P489 Rescue treatment with original versus biosimilar infliximab in biologic-naïve patients with moderate-severe Ulcerative Colitis and corticosteroid failure
Muñoz-Villafranca, C.(1);Ogueta, M.Á.(2);Ramírez de la Piscina, P.(2);Álvarez-Herrero, B.(2);Loizate, A.(3);Gómez-Zabala, J.M.(3);De La Maza-Ortiz, S.(1);Aresti, U.(4);Gorostiza, I.(4);Arreba, P.(1);Irigoyen, M.(5);Ortiz de Zárate, J.(1);
(1)Hospital Universitario de Basurto, Gastroenterology Department, Bilbao, Spain;(2)Hospital Universitario Araba, Gastroenterology Department, Vitoria, Spain;(3)Hospital Universitario Basurto, Surgery Department, Bilbao, Spain;(4)Hospital Universitario Basurto, Investigation Department, Bilbao, Spain;(5)Hospital Universitario Príncipe de Asturias, Internal Medicine Department, Alcalá de Henares, Spain
Infliximab is effective as rescue therapy in moderate-severe Ulcerative Colitis (UC). Subsequently, a biosimilar of infliximab has been approved for the same indications, as its effectiveness is considered similar to the original infliximab. Our aim was to analyse the colectomy rate and the efficacy of original infliximab (Remicade®) versus biosimilar infliximab (Inflectra®) in patients with moderate-severe UC who failed to respond to intravenous corticosteroids.
We performed a retrospective and observational study in two hospitals in the Basque Country. All patients hospitalised between 2010-2020 with moderate-severe UC, without response to intravenous corticosteroids and rescue treatment with infliximab were consecutively included. Two cohorts were established: the first one from 2010 to 2015 in patients treated with Remicade®, and the second one from 2015 to 2020 in patients with Inflectra®. We assessed all patients that had received at least one dose of infliximab. Patients were followed for a period of one year until loss of response or colectomy. Early colectomy is the surgery performed until week 12, and late colectomy between week 12 and one year. At the moment of hospitalisation all patients were clinically and endoscopically evaluated by Mayo Score. The clinical response was assessed in week 14 and 52.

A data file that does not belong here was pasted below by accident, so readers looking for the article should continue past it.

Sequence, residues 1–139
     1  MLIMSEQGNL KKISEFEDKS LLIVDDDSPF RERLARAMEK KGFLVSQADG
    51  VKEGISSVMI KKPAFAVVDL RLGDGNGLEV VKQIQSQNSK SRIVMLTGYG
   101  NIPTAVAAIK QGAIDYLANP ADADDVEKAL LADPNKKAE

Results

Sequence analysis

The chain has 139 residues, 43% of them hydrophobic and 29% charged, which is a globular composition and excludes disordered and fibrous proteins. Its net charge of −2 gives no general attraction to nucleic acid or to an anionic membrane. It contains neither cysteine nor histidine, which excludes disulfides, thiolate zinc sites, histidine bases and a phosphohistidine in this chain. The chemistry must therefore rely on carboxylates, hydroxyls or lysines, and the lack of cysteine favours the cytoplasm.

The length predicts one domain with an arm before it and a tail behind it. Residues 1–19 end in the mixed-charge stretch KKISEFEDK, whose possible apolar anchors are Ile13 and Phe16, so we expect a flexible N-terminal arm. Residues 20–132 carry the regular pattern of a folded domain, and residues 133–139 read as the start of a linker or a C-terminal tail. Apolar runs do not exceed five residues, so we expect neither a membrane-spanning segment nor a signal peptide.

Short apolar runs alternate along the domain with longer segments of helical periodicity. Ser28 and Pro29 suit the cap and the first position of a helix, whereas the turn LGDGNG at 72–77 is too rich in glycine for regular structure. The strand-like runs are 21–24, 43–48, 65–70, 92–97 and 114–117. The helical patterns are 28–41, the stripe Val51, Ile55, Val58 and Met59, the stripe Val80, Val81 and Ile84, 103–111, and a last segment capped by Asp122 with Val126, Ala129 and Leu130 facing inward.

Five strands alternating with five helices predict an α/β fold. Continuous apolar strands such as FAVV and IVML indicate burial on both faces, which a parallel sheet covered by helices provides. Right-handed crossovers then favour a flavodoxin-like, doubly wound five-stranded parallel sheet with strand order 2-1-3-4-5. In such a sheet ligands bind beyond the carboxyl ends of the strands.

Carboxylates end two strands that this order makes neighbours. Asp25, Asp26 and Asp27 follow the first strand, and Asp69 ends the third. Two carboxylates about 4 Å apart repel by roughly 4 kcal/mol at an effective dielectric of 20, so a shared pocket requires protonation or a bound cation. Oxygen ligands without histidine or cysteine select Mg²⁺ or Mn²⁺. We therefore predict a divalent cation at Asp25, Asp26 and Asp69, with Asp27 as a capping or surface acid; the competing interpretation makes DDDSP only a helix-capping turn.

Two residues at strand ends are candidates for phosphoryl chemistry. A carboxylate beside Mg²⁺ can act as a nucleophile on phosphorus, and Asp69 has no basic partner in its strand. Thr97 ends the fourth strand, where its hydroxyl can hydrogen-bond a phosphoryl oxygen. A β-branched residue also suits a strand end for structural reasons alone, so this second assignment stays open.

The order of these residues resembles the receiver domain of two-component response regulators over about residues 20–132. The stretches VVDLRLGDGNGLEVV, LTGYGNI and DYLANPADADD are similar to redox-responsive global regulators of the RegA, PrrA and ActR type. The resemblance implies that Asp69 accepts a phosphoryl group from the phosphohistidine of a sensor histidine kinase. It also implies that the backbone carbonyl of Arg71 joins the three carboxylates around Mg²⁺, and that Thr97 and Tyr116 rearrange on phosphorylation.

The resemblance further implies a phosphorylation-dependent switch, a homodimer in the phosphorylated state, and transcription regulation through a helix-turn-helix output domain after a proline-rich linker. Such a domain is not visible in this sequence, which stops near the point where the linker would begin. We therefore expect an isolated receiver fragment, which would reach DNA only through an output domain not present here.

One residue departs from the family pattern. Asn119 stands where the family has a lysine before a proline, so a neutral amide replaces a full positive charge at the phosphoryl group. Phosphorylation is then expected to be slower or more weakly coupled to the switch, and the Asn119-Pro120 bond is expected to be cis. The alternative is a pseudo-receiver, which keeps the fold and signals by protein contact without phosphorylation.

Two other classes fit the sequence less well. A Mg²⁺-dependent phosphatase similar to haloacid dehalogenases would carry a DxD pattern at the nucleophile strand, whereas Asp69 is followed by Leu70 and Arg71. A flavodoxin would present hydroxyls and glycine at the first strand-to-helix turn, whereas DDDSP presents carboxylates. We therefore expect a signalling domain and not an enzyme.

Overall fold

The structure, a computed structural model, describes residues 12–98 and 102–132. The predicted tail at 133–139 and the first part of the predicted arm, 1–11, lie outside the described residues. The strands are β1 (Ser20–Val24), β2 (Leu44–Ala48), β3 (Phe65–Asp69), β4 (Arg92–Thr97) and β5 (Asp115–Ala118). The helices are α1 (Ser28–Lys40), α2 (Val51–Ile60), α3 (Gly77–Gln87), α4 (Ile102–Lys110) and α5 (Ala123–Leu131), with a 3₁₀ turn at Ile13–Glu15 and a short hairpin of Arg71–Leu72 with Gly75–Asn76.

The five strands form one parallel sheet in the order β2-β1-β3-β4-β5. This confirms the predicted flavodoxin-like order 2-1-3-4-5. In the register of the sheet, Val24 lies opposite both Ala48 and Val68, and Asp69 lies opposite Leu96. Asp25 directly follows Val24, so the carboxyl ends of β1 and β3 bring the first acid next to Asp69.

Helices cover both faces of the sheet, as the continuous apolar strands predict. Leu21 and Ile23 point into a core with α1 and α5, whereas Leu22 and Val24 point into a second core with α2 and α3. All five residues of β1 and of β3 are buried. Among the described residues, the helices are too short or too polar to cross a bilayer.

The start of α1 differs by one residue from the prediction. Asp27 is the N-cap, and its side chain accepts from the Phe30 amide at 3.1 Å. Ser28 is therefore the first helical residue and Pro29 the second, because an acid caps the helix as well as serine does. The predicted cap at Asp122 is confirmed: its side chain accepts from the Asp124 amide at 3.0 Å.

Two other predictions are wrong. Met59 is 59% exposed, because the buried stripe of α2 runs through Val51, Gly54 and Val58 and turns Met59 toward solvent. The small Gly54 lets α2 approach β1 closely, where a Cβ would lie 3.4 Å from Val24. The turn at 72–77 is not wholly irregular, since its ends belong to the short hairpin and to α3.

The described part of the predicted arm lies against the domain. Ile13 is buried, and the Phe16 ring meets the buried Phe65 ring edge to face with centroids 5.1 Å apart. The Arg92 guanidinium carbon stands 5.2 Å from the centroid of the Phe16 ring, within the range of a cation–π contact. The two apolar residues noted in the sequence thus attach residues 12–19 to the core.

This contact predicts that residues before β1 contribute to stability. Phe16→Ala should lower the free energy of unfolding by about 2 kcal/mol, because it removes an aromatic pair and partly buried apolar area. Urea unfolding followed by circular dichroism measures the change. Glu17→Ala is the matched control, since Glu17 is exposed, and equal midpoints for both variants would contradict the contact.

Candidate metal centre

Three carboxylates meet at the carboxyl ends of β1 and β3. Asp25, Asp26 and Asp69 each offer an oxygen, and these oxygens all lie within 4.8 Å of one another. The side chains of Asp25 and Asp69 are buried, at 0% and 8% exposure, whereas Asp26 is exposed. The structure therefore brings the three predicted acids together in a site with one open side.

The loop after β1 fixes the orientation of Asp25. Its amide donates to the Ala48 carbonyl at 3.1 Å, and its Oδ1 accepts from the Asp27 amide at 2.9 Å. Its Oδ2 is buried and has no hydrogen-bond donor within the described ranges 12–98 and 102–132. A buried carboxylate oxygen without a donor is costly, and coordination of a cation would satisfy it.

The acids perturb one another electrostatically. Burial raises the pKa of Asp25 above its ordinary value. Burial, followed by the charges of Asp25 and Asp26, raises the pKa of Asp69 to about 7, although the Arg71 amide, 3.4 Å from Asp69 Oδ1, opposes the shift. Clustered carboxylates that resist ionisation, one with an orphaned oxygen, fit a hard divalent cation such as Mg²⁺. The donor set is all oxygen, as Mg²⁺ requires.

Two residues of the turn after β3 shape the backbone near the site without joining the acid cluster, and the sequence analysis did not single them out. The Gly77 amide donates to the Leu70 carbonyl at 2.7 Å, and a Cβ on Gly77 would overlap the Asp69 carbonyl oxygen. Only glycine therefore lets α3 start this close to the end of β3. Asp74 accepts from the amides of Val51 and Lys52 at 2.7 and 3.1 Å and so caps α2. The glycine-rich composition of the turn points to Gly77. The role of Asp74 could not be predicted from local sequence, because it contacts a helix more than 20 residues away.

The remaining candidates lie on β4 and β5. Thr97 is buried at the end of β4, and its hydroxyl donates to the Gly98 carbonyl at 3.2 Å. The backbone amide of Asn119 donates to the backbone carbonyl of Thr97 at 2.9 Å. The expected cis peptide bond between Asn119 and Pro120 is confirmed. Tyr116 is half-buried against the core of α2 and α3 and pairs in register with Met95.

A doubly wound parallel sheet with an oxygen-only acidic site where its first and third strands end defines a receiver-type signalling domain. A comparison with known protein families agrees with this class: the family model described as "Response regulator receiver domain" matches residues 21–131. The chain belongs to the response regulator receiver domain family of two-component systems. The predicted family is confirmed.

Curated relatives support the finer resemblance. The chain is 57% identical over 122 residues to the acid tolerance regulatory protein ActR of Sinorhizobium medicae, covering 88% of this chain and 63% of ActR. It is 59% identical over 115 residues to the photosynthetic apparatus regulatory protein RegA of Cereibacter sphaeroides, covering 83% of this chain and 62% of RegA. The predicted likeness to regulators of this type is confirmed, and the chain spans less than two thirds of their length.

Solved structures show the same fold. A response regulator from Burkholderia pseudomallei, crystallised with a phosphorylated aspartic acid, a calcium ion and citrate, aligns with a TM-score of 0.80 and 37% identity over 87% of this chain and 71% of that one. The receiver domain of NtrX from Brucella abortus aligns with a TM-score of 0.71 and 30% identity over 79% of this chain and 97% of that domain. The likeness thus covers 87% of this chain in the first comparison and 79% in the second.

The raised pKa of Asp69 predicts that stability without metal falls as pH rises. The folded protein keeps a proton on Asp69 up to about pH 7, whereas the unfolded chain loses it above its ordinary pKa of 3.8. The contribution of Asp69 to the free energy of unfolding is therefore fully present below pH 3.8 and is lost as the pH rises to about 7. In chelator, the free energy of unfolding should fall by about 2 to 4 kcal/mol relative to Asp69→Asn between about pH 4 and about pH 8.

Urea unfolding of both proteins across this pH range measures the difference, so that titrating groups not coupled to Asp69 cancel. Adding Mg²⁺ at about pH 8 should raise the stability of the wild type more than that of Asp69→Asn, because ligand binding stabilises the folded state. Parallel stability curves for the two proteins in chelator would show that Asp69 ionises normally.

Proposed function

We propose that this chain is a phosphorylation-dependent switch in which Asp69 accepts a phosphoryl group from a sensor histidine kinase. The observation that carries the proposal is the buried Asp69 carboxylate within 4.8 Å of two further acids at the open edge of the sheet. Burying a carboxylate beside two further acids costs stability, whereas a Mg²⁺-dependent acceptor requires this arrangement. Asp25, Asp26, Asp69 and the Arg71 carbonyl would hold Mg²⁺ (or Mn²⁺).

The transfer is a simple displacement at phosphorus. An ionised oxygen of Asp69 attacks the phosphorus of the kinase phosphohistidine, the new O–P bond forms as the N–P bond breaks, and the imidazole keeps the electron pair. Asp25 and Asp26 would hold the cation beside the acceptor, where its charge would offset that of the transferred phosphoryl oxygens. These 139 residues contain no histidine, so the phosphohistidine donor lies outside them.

A total of 85 patients were evaluated, 53 (64.4%) in Remicade® group and 32 (37.6%) in Inflectra® group. 21.17% (18/85) of the patients had a colectomy in one year. 77.7% of the colectomies took place in the first 12 weeks (14/18, 7 patient in each group). Rates of early (13.8% vs 21.9%, p=0.297) and late colectomy (17% vs 28.1%, p=0.223) showed a numerical but non-statistically significant difference in favour of Remicade®.
Transfusion (OR=4.20, IC 95% [1.38-12.77], p=0.011) and the presence of cytomegalovirus in the colonic mucosa (OR=4.07, IC 95% [1.31-12.63], p=0.015) were univariate predictors of colectomy. A statistically significant difference was found in clinical remission at week 14 (49.1% vs 25%, p=0.040) but not at week 52 (73.7% vs 50%, p=0.074) in patients with Remicade® versus Inflectra®. Neither clinical activity nor mucosa activity showed relationship with risk of colectomy.
1. The rescue therapy with infliximab in patients with moderate-severe Ulcerative Colitis who failed to respond to intravenous corticosteroids could show a favourable trend for Remicade® against Inflectra®. However, further research is needed to confirm it.
2. The need of transfusion and the presence of cytomegalovirus in the colonic mucosa could be predictive factors of colectomy.